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Genealogies Of Genius

Author: Joyce E. Chaplin
Publisher: Springer
ISBN: 113749767X
Size: 25.26 MB
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The essays in this volume seek to examine the uses to which concepts of genius have been put in different cultures and times. Collectively, they are designed to make two new statements. First, seen in historical and comparative perspective, genius is not a natural fact and universal human constant that has been only recently identified by modern science, but instead a categorical mode of assessing human ability and merit. Second, as a concept with specific definitions and resonances, genius has performed specific cultural work within each of the societies in which it had a historical presence.

Genealogies Of Genius

Author: Joyce E. Chaplin
Publisher: Springer
ISBN: 113749767X
Size: 53.87 MB
Format: PDF, ePub, Docs
View: 4416
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The essays in this volume seek to examine the uses to which concepts of genius have been put in different cultures and times. Collectively, they are designed to make two new statements. First, seen in historical and comparative perspective, genius is not a natural fact and universal human constant that has been only recently identified by modern science, but instead a categorical mode of assessing human ability and merit. Second, as a concept with specific definitions and resonances, genius has performed specific cultural work within each of the societies in which it had a historical presence.

A Cultural History Of The British Census

Author: K. Levitan
Publisher: Springer
ISBN: 0230337600
Size: 34.83 MB
Format: PDF, ePub, Mobi
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The book explores the hotly disputed process by which the census was created and developed and examines how a wide cast of characters, including statisticians, novelists, national and local officials, political and social reformers, and journalists responded to and used the idea of a census.

Famous And Infamous Workplace And Community Training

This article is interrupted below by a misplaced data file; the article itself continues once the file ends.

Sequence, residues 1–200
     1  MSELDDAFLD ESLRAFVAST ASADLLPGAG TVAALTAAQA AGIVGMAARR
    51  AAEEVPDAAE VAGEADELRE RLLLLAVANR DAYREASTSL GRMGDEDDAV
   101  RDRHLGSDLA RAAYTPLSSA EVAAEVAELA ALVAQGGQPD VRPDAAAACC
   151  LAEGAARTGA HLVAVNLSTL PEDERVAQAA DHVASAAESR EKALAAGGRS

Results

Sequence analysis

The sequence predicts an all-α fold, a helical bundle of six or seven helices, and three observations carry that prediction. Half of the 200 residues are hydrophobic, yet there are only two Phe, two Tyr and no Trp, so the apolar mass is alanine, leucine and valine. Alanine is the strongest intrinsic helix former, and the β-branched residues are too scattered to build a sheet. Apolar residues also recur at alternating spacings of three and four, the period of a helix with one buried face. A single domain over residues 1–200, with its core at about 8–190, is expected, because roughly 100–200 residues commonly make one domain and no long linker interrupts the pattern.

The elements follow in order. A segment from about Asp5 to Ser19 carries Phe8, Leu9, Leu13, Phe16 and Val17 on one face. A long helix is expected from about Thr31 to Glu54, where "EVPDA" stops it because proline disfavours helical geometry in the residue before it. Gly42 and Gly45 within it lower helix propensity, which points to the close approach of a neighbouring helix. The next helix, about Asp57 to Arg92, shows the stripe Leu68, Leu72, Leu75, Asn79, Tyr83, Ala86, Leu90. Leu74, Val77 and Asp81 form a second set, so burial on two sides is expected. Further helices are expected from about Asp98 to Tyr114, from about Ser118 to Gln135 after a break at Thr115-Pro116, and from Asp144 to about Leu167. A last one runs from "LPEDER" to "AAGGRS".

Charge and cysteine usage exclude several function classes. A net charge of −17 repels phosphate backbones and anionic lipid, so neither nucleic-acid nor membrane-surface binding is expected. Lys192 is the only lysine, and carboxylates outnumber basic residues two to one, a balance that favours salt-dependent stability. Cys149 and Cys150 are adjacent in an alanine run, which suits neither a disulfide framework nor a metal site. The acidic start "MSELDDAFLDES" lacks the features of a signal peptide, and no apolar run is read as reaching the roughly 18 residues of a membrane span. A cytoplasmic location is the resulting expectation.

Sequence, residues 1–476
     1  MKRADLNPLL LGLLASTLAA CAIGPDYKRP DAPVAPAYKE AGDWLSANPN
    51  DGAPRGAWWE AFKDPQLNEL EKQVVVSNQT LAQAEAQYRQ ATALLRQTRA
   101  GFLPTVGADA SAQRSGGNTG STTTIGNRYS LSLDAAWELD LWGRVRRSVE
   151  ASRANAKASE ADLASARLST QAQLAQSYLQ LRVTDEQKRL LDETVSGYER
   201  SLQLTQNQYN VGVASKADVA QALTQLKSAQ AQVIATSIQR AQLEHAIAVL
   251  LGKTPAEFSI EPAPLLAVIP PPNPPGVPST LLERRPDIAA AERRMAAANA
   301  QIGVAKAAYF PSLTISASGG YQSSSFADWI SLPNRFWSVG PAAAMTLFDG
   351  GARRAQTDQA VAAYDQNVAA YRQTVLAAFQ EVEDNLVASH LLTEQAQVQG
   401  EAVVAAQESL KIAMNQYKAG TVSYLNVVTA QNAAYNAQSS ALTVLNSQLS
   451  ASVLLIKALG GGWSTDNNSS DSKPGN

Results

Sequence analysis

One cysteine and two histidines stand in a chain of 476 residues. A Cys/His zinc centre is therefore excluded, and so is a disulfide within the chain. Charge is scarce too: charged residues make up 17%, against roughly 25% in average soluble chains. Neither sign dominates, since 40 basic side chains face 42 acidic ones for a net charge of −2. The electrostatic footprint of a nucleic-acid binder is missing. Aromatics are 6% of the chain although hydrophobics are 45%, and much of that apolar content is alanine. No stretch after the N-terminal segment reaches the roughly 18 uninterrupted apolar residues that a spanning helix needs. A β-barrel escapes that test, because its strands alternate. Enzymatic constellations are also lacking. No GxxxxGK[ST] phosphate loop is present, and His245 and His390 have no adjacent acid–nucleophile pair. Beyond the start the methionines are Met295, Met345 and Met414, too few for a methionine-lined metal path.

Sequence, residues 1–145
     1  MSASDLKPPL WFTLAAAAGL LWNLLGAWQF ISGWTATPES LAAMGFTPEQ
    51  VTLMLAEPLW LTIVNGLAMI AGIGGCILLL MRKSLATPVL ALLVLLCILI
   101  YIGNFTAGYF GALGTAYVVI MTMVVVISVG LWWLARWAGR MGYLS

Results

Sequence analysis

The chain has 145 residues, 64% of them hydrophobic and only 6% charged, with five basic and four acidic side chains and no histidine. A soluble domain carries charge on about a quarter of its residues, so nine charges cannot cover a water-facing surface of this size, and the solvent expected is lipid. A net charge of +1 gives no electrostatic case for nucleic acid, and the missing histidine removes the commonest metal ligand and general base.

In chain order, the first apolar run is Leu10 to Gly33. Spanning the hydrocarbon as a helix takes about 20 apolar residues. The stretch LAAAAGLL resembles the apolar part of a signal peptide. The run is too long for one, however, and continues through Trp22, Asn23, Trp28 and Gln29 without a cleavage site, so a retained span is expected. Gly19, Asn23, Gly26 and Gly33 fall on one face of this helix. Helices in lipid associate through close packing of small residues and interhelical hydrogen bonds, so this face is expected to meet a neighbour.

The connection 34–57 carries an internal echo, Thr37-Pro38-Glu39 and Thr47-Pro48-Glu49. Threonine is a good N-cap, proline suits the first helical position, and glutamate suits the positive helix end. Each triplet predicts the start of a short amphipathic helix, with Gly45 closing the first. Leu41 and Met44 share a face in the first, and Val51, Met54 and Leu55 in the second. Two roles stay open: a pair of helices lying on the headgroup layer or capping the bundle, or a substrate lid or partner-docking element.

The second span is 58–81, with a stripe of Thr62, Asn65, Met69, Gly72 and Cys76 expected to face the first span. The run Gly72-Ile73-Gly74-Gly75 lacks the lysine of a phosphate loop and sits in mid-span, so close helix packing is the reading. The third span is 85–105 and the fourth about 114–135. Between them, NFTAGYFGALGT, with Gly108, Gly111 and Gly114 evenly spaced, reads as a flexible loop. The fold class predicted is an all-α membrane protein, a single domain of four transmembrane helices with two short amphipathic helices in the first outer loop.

Author: David M. Kopp
Publisher: Springer
ISBN: 1137597534
Size: 34.62 MB
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This book explores the social history of training and development and describes how ordinary training systems were linked to extraordinary events. Using instrumental case studies, the author explores the direct and indirect motives behind famous and infamous training systems of history such as the methods used by John Lennon and Paul McCartney in the Beatles, those used by the Third Reich in training forced labor, and in the social guidance films of the 1950’s, among others. This book links modern-day themes of corporate and community social responsibility and social justice to historical cases of workplace and community training; in addition, it offers a unique view of business history that students and scholars can relate to, and contributes to a more thorough and robust inquiry into critical human resource development, ethics in the workplace, and the nature of training adults, in general.

Pacific Performances

Author: C. Balme
Publisher: Springer
ISBN: 0230599532
Size: 23.13 MB
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This new study explores the history of cross-cultural performative encounters in the Pacific from the Eighteenth century to the present. It examines Western theatrical representations of Pacific cultures and investigates how Pacific Islanders used their own cultural performances to negotiate the colonial situation.

Divine Fury

Author: Darrin M. McMahon
Publisher: Basic Books
ISBN: 0465069916
Size: 80.19 MB